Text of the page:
It’s interesting how much thought goes into being effective activists. Because there is definitely a right and wrong way to do it.
We love writing and playing music, but it wouldn’t be as poignant to us if we didn’t have this other stuff going on. It’s energizing to work on some kind of fundraising campaign for a school for refugee kids at the same time that we’re working on a new record. It gives us more of a purpose. It’s like, “If this record does really well, we can do a bigger ‘Honor the Earth’ tour.” That’s how both of our minds work, so we’re lucky in that way. It makes it fun to connect our strategy for our music with our strategy for our activism.
Is there a key to doing it without sounding preachy?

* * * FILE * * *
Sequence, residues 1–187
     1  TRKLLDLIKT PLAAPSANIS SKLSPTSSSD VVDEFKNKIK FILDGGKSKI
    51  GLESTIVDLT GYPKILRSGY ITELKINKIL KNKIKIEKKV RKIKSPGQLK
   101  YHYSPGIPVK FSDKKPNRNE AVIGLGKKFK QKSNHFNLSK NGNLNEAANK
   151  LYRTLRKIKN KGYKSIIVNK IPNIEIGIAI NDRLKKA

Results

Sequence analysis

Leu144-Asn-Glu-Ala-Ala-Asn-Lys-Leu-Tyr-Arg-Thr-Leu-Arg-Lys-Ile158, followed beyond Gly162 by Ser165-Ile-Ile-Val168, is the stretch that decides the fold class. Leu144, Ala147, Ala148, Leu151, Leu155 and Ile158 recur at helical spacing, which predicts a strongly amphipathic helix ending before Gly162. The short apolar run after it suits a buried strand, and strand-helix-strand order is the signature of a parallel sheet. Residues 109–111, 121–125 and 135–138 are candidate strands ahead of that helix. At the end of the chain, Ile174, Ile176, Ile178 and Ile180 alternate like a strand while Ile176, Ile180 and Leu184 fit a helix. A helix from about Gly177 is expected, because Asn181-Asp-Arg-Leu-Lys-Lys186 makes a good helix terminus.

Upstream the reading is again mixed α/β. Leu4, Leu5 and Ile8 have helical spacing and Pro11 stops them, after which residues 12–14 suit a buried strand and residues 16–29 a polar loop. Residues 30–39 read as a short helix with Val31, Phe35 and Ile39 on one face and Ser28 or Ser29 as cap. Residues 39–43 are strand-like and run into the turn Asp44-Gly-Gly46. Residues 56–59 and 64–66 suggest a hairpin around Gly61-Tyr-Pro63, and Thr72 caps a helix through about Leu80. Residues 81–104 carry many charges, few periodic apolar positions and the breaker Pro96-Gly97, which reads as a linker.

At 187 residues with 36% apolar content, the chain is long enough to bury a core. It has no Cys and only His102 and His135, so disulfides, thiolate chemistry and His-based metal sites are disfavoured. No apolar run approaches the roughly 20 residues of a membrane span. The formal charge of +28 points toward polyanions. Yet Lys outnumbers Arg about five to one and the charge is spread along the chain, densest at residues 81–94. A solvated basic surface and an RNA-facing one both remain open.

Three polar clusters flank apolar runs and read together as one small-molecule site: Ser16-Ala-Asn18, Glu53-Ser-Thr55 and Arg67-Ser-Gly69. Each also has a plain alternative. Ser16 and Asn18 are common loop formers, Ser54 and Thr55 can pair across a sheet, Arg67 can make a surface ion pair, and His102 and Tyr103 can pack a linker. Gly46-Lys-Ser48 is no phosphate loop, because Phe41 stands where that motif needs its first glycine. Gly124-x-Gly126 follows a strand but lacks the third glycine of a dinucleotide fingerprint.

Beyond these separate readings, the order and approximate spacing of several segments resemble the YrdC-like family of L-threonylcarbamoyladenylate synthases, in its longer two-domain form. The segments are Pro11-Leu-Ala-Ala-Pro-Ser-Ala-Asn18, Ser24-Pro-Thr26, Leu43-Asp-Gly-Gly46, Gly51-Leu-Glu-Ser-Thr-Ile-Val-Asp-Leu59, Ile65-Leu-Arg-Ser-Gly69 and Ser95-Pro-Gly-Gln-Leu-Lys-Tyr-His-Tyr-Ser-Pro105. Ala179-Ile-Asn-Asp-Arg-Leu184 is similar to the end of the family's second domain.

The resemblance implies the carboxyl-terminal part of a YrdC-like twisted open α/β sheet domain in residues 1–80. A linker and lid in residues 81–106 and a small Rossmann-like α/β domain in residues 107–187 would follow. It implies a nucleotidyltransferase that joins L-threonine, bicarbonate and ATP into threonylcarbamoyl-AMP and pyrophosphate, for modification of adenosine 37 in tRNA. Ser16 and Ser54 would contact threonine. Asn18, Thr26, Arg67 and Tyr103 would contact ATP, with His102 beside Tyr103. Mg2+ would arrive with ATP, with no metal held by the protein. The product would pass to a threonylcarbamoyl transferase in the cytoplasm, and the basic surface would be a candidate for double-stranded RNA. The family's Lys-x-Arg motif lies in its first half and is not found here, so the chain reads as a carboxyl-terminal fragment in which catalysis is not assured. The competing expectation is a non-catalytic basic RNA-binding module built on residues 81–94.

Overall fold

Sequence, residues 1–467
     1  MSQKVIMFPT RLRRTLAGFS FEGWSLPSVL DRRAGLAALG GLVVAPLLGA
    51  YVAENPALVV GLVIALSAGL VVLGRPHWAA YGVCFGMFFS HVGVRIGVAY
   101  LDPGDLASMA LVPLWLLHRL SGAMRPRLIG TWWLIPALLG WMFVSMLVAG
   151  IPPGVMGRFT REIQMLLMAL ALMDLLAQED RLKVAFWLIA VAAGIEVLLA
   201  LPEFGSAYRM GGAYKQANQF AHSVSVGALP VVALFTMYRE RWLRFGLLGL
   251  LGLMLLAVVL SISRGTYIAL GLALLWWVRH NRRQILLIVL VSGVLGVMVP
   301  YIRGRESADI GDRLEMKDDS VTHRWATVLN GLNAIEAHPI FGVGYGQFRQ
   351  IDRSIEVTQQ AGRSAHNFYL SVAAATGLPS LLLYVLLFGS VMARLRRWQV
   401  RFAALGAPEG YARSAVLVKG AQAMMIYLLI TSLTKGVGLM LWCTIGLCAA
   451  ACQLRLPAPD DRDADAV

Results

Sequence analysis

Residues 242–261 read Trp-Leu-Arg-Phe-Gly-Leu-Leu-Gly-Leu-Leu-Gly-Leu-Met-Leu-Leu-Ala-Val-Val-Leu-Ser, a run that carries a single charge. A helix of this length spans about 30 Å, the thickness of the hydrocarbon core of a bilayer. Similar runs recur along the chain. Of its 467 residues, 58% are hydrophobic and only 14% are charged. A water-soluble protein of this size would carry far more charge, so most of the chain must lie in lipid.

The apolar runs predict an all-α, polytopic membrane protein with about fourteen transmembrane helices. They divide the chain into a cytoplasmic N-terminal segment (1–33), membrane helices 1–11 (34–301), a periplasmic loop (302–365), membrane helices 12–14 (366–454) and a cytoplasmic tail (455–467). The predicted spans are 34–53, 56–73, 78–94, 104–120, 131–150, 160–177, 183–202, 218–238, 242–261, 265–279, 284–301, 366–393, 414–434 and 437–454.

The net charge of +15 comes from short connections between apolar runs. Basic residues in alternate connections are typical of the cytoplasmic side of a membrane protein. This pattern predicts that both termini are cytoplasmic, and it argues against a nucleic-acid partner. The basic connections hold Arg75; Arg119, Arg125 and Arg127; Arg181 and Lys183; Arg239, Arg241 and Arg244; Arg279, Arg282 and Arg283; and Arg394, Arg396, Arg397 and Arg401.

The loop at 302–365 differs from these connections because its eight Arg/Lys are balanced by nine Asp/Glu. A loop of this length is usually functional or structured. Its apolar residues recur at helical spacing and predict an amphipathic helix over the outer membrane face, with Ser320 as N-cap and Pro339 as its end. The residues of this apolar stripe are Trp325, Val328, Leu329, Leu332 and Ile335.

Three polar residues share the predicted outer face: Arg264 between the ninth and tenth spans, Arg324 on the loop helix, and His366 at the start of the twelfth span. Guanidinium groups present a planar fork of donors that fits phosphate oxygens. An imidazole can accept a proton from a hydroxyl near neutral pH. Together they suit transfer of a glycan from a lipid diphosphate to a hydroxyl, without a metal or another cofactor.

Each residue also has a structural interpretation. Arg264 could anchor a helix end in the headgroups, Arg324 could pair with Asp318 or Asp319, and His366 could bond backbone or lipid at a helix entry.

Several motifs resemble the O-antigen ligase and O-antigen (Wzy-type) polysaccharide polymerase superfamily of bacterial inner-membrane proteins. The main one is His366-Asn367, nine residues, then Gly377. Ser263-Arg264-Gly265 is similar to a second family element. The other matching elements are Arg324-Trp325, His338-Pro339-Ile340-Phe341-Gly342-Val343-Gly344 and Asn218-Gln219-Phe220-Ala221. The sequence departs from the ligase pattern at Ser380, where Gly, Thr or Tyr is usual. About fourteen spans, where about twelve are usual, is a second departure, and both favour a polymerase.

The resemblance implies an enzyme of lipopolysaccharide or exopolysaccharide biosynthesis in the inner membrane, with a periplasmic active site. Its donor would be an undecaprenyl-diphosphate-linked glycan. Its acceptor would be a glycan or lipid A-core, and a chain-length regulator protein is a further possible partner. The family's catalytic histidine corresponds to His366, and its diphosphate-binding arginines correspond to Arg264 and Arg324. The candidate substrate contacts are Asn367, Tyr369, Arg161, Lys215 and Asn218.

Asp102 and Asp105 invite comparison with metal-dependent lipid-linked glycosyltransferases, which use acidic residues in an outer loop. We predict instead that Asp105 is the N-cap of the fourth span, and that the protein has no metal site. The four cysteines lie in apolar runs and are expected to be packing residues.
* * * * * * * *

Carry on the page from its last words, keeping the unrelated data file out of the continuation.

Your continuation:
I don’t know, sometimes we do sound preachy, and it’s just because we’re enthusiastic and we get carried away. Something else I’ve learned along the way is that things are not black and white. For instance, if you’re working on the environmental impacts of coal mining, you need to be thinking about the jobs that are in that community from coal mining, and what it means to those people to have a job. You try to talk about things in a way that is in the interest of the people in the community and not just in the interest of your self-righteous principles. It’s really important to let people in that community talk. So if we were working on an issue around buffalo and cattle farmers out in Yellowstone, we’d work with some ranchers who were pro-buffalo to talk about the issues to other ranchers, because it’s ridiculous for us to go in there as southeastern white people who know nothing about ranching. It’s not effective, either. It’s like the hippies invading a conservative town. You have to have empathy for the other side of the equation. There are a lot of gray areas, and you really need to respect the other side no matter how self-righteous you feel.